Something’s happening across this land. It’s happening in suburbs and cities, small towns and remote villages. It’s happening in all provinces — whether ruled by Liberals, Conservatives, or the NDP. People are waking up to realize that we are in a climate emergency.

The climate crisis is not some big, bad disaster movie waiting at the far end of the century. It’s happening now, all around us — but scientists inform us we have a very small window of time to make the necessary cuts in emissions. And as so many people reach that long-avoided conclusion, we may be on the verge of a huge shift in our politics.

That’s why, as we go across the country with our tour, “A Green New Deal for All” we are selling out venues, facing crowd after crowd crackling with excitement and determination, and seeing a multi-generational, Indigenous-led and science-based movement surge.

This is good news, of course – along with countless others, we have been waiting and working for it for years. In 2015, we were both initiating signatories of the Leap Manifesto. Like the Green New Deal today, the manifesto landed in election season, as an attempt to inject urgency into what seemed to be a profound leadership void on climate.

But a lot has changed in the last four years.

First of all, the climate picture has gotten much worse. We now know that Canada is warming at twice the global rate. Smoke season in B.C. (that’s a thing now) overlaps with flooding season in Ontario and Quebec. As the messages from nature get louder and louder, climate science is racing to catch up, and it’s becoming undeniable that our house is on fire.

But something else is different this time around: the climate movement is on fire, too — all around the world. There’s the fierce determination of Sweden’s Greta Thunberg, the student climate strikes bringing millions of young people out of class and onto the streets from Madrid to Montreal; the defiant civil disobedience of Extinction Rebellion in the UK and beyond; and now, the Green New Deal, taking North America by storm.

Like the Leap Manifesto, the Green New Deal offers solutions — like cutting emissions in half in a decade — that are actually on the scale and at the speed of what is necessary. It proposes not to tinker, but to transform.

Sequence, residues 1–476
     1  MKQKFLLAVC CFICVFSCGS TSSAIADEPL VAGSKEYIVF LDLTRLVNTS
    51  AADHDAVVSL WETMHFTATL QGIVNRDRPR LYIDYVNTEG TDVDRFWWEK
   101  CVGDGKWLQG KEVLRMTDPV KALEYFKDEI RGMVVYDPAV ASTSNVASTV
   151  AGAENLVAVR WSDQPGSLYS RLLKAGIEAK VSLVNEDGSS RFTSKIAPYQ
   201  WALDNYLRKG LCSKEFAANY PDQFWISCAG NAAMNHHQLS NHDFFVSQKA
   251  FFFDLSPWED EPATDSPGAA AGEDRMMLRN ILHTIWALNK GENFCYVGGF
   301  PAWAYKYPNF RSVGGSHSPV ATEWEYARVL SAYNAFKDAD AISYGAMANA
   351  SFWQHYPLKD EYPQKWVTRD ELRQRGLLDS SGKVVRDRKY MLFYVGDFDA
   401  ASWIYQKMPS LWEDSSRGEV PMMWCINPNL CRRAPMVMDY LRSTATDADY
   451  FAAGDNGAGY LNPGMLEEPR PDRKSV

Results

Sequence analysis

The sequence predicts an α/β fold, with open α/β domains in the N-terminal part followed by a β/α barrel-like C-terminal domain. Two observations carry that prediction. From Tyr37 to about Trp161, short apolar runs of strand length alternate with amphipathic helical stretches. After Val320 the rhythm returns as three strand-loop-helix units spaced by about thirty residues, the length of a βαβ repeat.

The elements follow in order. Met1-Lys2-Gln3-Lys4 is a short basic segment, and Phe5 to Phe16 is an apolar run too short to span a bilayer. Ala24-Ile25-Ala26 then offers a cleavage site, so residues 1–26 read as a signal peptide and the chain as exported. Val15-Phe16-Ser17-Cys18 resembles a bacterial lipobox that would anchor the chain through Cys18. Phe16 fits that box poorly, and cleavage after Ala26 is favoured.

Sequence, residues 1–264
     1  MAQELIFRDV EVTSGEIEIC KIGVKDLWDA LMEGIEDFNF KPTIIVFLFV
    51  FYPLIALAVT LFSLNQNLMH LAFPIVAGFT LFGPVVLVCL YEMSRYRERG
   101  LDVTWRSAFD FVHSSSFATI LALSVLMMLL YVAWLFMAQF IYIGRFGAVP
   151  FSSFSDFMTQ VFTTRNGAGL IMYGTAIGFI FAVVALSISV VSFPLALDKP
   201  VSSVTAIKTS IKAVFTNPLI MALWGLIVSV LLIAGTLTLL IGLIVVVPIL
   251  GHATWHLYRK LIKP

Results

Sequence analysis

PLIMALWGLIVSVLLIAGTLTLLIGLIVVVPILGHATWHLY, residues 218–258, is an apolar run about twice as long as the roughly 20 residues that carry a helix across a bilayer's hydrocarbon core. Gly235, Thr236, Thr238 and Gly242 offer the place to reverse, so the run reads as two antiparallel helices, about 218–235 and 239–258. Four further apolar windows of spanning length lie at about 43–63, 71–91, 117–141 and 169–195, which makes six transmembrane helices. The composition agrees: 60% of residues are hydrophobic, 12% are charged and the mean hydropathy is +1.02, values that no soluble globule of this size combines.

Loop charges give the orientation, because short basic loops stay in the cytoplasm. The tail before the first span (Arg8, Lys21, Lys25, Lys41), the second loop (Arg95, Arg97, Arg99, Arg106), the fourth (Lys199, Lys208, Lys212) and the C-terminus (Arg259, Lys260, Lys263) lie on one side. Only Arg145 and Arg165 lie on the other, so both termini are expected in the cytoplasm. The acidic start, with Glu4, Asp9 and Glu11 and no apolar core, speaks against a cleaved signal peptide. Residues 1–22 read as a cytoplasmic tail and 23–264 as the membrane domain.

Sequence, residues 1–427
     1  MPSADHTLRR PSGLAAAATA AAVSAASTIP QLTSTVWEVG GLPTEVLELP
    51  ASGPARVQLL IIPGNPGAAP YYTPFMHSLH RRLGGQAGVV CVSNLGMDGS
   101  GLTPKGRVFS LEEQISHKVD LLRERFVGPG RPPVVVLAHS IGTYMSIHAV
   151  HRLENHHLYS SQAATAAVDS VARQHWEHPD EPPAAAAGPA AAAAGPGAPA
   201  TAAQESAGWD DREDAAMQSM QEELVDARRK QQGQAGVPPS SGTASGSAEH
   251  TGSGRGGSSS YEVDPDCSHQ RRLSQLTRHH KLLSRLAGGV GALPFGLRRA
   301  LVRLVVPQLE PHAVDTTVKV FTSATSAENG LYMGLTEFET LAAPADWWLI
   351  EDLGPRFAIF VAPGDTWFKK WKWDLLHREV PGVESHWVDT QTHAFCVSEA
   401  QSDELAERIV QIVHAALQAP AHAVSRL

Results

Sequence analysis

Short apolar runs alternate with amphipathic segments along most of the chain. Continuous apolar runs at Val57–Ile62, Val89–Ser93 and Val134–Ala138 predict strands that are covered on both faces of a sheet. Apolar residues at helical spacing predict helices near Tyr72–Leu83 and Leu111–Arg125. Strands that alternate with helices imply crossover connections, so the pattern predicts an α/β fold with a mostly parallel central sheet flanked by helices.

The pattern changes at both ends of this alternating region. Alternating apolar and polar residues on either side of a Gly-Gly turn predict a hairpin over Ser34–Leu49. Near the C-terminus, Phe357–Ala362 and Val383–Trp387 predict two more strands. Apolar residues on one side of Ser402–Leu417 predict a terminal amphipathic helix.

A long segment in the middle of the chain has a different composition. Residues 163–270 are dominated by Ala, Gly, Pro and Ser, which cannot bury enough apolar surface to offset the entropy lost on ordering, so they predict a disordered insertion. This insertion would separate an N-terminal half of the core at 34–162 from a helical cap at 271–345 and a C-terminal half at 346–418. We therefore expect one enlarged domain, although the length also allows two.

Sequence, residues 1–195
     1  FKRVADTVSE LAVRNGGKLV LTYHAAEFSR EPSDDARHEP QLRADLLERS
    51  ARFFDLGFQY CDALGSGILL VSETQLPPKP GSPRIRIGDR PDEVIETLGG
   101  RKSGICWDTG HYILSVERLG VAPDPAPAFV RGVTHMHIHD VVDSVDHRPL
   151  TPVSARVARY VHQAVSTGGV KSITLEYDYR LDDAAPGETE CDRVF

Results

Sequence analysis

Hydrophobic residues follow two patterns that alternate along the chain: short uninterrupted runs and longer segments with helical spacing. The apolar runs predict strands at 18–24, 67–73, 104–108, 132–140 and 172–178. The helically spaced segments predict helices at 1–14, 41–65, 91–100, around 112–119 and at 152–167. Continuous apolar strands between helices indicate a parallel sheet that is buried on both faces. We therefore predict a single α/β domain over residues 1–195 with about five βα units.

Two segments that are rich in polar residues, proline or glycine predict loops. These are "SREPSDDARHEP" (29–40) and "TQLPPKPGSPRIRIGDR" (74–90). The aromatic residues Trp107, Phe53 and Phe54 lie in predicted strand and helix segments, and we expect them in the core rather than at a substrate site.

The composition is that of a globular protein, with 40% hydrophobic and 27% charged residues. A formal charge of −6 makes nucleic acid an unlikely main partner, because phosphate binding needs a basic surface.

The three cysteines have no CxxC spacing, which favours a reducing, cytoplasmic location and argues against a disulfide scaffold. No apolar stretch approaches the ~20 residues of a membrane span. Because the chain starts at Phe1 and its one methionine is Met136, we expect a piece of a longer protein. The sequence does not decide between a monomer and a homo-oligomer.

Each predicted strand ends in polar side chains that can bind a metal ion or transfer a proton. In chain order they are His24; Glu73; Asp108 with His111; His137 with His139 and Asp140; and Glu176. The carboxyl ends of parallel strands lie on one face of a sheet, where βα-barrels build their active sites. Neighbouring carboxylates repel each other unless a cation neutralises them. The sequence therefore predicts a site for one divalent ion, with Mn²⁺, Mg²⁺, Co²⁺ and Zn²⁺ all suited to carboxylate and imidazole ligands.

And that goes well beyond just the climate crisis. That’s why proponents are calling for huge, emergency-level public investments that would improve the lives of working people in the short term: like a job guarantee with a living wage, excellent benefits and dignity at work. Like universal free public transit, hundreds of thousands of new units of zero emissions non-market public housing, and doubling down on the existing low-carbon economy of care work: daycare, education, health care and the arts.

Like the Leap Manifesto, this is fundamentally a jobs and justice program for the 21st century: one that would undo decades of austerity, address centuries of historical wrongs; restore the public sphere; and put millions back to work in family-supporting jobs.

Unlike the Leap Manifesto, the Green New Deal is being pushed by an army of young organizers who are fanning out in ridings across the country to put politicians on notice. We’re done quibbling about a price on carbon. We need fundamental change to win a safe and prosperous future for the many, not just the few. That’s why we’re working together – led by Indigenous communities and powered by a wave of youthful energy – to force this vision onto the ballot in October.

David Suzuki is a scientist, broadcaster and co-founder of the David Suzuki Foundation. Avi Lewis is a filmmaker, journalist and co-founder and strategic director of The Leap.